I’ve always had trouble with the logic of wearing sunglasses at night.
The phenomenon (or “phenom” for short) began in the mid-80’s when super one-hit wonderer, Corey Hart blasted onto the scene with his hit song Sunglasses at Night. It raced up the charts like a fireball, burning up the competition, and forever solidifying Hart’s place in history as a pop singing star who possessed the unique talent of writing songs that made no logical sense whatsoever.
And that’s why we’ll spend today picking apart the whole “sunglasses at night” phenom.
To begin with, we might as well break down the “logical reasons” that Corey Hart suggests wearing sunglasses at night and why he, the singer himself, wore them at night in the narrative of the song. Hart suggests that he wears those sunglasses at night so he can:
- Watch you weave then breathe your story lines
- Keep track of the visions in his eyes
- Forget his name while you collect your claim
- See the light that’s right before his eyes
- Cry to you
I don’t know about you — but he just ain’t selling me on the whole sunglasses at night thing.
First of all, I can watch you weave and breathe your story lines no matter if I’m wearing sunglasses. In fact, if I’m watching you weave and breathe your story lines on a laptop, at night, those sunglasses aren’t going to help me in being able to even read what you’re typing on screen. And if you’re writing them on a legal pad with a number two pencil – forget about it. Pencil lead is hard to see with sunglasses on.
As for keeping track of the visions in your eyes, I have to give it to Corey Hart on that one. For, if you’re blocking out the light and wearing sunglasses — you’ll be better able to concentrate on the pictures and visions you’re imagining are in your head and be able to turn inward to look at them. Although, it’s nighttime anyway, so do you really need the glasses to do that? I say, go to some dark room, close the shades and just keep track of the visions in your eyes that way. Now, if this song was about wearing sunglasses during the day, it would be a different story. Then, I could support Corey Hart suggesting that you wear sunglasses during the day so you could:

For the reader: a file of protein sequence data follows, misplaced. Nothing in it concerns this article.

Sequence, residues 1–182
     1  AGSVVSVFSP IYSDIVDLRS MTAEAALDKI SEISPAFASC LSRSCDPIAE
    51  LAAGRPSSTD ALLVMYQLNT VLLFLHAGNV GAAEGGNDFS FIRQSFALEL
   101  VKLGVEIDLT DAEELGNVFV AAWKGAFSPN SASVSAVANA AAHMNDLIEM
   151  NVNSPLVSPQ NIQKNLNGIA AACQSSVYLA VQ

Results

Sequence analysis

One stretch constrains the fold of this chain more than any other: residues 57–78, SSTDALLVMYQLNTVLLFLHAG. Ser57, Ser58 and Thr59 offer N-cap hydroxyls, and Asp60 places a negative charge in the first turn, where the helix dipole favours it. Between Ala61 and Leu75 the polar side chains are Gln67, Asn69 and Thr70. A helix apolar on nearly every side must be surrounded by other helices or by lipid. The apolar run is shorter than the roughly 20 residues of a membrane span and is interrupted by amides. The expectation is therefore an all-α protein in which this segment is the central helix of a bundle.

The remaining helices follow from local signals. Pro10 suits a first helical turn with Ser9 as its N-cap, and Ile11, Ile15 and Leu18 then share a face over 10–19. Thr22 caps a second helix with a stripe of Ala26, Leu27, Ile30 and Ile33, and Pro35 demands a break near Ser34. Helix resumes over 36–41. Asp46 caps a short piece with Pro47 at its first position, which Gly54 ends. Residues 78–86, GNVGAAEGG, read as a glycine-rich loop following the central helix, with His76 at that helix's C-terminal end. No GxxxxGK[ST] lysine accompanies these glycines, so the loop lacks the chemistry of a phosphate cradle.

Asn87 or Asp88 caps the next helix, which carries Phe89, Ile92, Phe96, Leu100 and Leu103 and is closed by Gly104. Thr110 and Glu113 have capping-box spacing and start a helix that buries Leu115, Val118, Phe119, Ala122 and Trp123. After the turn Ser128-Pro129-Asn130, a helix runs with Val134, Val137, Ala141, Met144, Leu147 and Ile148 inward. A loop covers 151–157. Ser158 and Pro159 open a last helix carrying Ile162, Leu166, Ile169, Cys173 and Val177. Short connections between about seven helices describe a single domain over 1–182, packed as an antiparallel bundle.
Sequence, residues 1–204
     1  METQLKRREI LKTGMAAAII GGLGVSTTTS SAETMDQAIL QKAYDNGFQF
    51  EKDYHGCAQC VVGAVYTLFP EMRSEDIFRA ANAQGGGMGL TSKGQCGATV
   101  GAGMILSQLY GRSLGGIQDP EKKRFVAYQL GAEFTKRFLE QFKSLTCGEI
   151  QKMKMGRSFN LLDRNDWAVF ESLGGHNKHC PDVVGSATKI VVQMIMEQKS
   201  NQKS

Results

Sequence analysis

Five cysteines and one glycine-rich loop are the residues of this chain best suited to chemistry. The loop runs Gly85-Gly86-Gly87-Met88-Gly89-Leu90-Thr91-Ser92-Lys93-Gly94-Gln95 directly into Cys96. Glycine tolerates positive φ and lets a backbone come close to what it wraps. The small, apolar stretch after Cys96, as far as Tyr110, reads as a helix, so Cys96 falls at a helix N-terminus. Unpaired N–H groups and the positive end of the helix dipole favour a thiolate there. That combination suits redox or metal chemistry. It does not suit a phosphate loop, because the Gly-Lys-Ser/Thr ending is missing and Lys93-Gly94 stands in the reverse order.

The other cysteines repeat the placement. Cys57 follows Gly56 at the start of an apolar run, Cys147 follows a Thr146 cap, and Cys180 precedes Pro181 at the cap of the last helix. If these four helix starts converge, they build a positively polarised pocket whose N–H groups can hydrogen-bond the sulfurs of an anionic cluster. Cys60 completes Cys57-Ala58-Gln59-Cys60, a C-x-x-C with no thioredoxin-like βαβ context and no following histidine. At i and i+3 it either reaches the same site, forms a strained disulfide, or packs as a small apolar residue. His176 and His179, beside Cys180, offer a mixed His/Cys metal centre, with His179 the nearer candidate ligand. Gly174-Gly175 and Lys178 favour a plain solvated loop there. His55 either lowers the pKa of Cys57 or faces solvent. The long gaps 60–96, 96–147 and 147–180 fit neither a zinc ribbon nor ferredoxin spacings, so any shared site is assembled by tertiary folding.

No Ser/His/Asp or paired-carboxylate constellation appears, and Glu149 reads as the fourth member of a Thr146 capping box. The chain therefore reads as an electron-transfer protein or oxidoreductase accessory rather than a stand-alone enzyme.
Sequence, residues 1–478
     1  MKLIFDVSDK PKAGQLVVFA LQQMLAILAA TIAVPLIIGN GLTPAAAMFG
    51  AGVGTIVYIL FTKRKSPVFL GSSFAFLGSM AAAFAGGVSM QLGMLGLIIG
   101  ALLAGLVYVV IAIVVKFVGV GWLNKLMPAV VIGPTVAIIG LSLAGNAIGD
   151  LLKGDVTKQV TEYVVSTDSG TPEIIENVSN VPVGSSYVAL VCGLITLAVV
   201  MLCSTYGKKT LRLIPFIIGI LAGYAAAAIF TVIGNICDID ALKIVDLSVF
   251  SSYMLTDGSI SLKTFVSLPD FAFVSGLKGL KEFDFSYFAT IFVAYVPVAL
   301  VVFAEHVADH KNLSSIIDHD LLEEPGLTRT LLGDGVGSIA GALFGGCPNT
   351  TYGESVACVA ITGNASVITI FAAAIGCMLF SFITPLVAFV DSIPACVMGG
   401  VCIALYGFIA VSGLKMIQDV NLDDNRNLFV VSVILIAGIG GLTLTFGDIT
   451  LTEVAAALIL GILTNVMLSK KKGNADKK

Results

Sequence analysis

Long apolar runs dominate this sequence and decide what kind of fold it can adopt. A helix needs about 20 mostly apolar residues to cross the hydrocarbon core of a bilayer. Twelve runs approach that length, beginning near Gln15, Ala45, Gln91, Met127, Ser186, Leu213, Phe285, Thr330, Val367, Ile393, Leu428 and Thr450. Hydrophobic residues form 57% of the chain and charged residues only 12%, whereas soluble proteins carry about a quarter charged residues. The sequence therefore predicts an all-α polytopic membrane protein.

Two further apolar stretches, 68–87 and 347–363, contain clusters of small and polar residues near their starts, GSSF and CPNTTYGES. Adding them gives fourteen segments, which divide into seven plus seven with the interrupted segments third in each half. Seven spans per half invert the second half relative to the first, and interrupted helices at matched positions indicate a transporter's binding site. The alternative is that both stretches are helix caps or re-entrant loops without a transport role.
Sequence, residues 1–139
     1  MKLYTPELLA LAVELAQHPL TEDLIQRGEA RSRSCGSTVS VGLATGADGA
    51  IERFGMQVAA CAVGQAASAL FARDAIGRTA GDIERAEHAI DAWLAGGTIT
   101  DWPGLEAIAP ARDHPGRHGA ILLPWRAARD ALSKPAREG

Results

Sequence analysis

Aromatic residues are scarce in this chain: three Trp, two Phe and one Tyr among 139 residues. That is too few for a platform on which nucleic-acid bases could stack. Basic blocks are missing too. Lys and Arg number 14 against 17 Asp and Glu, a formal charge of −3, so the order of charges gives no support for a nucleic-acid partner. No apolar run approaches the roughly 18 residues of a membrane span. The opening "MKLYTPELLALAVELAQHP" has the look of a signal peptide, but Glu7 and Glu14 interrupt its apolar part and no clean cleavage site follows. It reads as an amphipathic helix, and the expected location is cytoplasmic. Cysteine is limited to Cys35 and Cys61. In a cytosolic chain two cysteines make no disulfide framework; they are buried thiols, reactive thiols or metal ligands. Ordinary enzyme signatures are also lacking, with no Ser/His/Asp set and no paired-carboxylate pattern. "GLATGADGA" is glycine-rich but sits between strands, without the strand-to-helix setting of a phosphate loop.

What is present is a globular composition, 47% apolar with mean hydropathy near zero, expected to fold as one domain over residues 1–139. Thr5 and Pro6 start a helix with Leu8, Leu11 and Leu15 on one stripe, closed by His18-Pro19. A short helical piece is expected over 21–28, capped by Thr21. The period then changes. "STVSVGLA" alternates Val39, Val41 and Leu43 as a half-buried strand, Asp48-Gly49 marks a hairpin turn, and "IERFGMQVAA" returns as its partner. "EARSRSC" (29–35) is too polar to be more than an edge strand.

- Keep out the sun while I watch you type your storylines on a laptop computer in a really bright Starbucks coffee
- Keep track of the visions in your eyes and keep the sunlight from distracting you
But what about forgetting your name while collecting your claim? I don’t know about you, but just because I wear sunglasses I’m not going to forget my name when I go up to the bank teller in the last few minutes of the business day and ask them to cash my weekly paycheck. There’s no way. In fact, I might want to wear my sunglasses so they don’t see that egotistical look in my eyes as I pull in the cold hard cash.
As for seeing the light that’s right before my eyes — this seems to make sense to me. That’s the only way to look at the sun, or stare into a really bright marquee at night, by wearing sunglasses. Here, finally, the Hartster is finally making some sense. Course, if you forget your name and then find yourself staring at marquees and the police ask for your I.D. and you can’t even tell them who you are and you’re mumbling on and on about picking up your claim and then you start crying or something…
Say hello to the slammer, my friend.
Personally, if I was wearing sunglasses at night, I would suggest wearing them for a different (and more sane) list of reasons. I would wear sunglasses at night so I could:
- Look cool
- Lie, without people knowing I was lying
- Hide my bloodshot eyes, from the previous night of partying
- Keep my dates from seeing that I’m not really looking at them over a candlelit dinner
- Keep my pupils dilated for as long as possible, as part of my friend’s latest idiotic game, “Who Can Keep Their Pupils Dilated The Longest!?”
- Cry to you, without you knowing I was crying to you, in an attempt to seem emotional…but not that emotional.
These are just my personal thoughts, but I think you’ll all probably agree that Corey Hart has a long way to go when it comes to writing lyrics that make sense in a world such as ours.